British documentary filmmaker Kim Longinotto has been producing work for three decades. Her films have circulated widely and garnered significant critical acclaim. Despite her prominence in the industry, Longinotto's films have attracted surprisingly little scholarly attention. Her documentaries frequently focus on women and children in not only the United Kingdom but also in cultures as diverse as Japan, Iran, and nations in Africa. This essay explores four of her most well-known recent documentaries, Divorce Iranian Style (1998) and Runaway (2001), both made in Tehran and codirected with Ziba Mir-Hosseini; The Day I Will Never Forget (2002), made in Kenya; and Sisters in Law (2005), codirected with Florence Ayisi in Cameroon. Each focuses on marginalized subjects who also act as the agents of social transformation. Analyzing how the women in these films negotiate the intersection of modernity and traditional or religious law, this essay argues that Longinotto frames the women not as “primitive others” but as entrenched in the complex paradigms of modernity. Moreover, the four documentaries under consideration weave together the activities of expressing pain or witnessing the pain of others (both physical and emotional) and confronting disempowerment. The representation of this pain is integral to how Longinotto's camera perceives individual agency, gender, and political struggle. These are different facets of what this essay poses as Longinotto's “cinema of translation.”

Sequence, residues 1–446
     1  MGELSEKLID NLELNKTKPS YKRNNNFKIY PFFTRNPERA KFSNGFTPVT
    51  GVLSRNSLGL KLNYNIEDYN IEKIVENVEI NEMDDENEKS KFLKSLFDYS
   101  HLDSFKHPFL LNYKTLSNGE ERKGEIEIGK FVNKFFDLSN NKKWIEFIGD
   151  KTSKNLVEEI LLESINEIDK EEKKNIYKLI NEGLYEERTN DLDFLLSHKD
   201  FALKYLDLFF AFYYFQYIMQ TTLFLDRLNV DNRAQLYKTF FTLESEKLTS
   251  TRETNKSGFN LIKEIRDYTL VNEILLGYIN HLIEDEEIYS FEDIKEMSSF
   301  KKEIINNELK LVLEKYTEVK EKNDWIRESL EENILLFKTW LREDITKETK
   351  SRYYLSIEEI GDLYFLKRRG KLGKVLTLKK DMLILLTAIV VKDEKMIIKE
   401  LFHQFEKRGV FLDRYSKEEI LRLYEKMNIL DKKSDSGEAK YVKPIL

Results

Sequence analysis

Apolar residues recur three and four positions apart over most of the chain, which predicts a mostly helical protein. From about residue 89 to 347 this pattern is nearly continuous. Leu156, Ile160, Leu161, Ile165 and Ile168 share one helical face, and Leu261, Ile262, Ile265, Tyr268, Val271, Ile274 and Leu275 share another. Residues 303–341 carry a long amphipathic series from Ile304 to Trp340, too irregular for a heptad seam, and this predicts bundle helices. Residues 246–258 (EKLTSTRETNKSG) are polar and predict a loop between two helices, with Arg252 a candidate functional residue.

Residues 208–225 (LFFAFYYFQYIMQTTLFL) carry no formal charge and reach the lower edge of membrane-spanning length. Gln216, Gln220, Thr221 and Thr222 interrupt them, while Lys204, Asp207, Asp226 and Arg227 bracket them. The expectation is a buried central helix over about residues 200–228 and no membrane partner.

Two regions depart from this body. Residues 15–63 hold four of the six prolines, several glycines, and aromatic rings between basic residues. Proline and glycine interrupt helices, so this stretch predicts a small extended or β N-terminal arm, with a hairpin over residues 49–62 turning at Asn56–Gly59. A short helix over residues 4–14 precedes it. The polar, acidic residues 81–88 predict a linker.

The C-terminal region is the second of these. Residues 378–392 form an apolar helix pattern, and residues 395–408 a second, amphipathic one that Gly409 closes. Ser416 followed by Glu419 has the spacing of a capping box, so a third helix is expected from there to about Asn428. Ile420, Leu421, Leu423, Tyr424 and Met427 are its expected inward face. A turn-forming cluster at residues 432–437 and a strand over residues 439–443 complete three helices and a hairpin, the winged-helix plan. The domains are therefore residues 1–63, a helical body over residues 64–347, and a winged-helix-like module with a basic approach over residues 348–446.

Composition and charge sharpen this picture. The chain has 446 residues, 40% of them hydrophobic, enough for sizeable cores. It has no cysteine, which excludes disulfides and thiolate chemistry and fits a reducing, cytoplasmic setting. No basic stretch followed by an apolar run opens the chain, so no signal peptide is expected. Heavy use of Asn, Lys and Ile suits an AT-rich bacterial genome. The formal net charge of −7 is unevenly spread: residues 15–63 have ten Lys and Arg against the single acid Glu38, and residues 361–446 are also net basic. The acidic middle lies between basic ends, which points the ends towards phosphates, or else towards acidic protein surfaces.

The text of this article is only available as a PDF.
You do not currently have access to this content.